It is even saying that customers should go to its competitors if they need a book published by the major New York publishing house quickly.
The e-commerce giant said late Tuesday it has been ordering less stock from Hachette and stopped letting customers pre-order books by Hachette authors, which include J.K. Rowling, James Patterson and Michael Connelley. Hachette said the changes affect about 5,000 titles. The changes had been widely reported butAmazon had not commented on them previously.
"If you order 1,000 items from Amazon, 989 will be unaffected by this interruption," Amazon said in a statement. "If you do need one of the affected titles quickly, we regret the inconvenience and encourage you to purchase a new or used version from one of our third-party sellers or from one of our competitors."
Hachette on Friday and then again on Wednesday that it would "spare no effort" to resume normal business operations with Amazon.
But Amazon said Tuesday it was "not optimistic" the companies would reach an agreement soon.
"Hachette has operated in good faith and we admire the company and its executives," Amazon said in a statement. "Nevertheless, the two companies have so far failed to find a solution."
Amazon and Hachette are reportedly at odds over terms for e-book prices, at a time when Amazon is in a position of strength and vulnerability. The Seattle-based company is the most powerful force in the book market, believed to have a share of more than 60 percent of e-book sales and at least a third of book sales overall. Rivals have struggled to compete with Amazon's discounts and customer service.
But recent earnings reports have been disappointing and Amazon's stock prices, which surged for years despite narrow profits, have dropped sharply in 2014.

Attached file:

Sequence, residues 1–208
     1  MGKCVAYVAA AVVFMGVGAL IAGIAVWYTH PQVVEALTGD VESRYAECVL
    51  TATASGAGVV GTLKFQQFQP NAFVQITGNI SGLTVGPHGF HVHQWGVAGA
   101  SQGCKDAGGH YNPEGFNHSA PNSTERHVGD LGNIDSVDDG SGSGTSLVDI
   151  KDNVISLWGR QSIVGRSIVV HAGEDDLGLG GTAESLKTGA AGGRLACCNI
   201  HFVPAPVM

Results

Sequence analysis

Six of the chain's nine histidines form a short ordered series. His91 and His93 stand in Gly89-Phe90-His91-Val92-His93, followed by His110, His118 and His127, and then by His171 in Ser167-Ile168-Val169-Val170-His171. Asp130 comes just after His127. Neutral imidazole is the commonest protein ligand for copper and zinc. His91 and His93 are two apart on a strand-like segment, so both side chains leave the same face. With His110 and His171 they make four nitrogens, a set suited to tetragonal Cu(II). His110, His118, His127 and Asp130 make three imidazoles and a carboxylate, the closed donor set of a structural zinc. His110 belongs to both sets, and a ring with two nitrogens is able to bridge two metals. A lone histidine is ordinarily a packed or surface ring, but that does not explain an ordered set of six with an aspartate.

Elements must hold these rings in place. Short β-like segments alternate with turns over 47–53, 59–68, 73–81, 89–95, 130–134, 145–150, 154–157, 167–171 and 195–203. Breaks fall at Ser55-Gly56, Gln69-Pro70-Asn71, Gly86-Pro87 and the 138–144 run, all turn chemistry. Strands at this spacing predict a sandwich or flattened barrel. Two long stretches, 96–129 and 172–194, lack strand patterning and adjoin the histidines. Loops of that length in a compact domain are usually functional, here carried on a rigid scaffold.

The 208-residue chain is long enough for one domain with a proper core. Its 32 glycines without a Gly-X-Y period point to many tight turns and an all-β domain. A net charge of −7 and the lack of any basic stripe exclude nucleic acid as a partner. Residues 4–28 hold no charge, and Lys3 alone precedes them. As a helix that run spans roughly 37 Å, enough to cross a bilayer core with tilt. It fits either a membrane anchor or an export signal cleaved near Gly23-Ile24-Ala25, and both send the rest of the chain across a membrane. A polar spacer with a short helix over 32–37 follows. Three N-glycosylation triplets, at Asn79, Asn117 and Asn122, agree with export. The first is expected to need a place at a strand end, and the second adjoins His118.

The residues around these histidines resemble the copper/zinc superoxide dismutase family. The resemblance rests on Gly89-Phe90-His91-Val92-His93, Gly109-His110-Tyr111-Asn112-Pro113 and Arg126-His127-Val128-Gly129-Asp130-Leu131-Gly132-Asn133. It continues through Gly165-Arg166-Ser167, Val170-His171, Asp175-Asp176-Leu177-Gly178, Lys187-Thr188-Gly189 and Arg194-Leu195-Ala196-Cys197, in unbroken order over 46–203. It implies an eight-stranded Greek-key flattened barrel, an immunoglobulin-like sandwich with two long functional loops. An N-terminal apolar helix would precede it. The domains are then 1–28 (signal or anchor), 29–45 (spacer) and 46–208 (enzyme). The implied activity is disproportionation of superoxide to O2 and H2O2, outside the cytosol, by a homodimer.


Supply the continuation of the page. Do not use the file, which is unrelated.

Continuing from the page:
Numerous Hachette authors have criticized Amazon in recent weeks, including Sherman Alexie and James Patterson, who on his Facebook page noted that the purchase of books written by him, Malcolm Gladwell, Nicholas Sparks and others had been made more difficult.
Amazon said it has offered to fund 50 percent of an author pool allocated by Hachette to lessen the impact the move has on author royalties if Hachette funds the other half.
But Hachette on Wednesday responded and said that it will wait until the companies agree on overall terms before it talks to Amazon about compensating authors for the damage the dispute has caused. Hachette, a subsidiary of French media company Lagardere, said there was more at stake than just royalties.
"In addition to royalties, (authors) are concerned with audience, career, culture, education, art, entertainment, and connection," Hachette said in a statement. "By preventing its customers from connecting with these authors' books, Amazon indicates that it considers books to be like any other consumer good. They are not."
Amazon shares rose $1.73 to $312.55 during midday trading.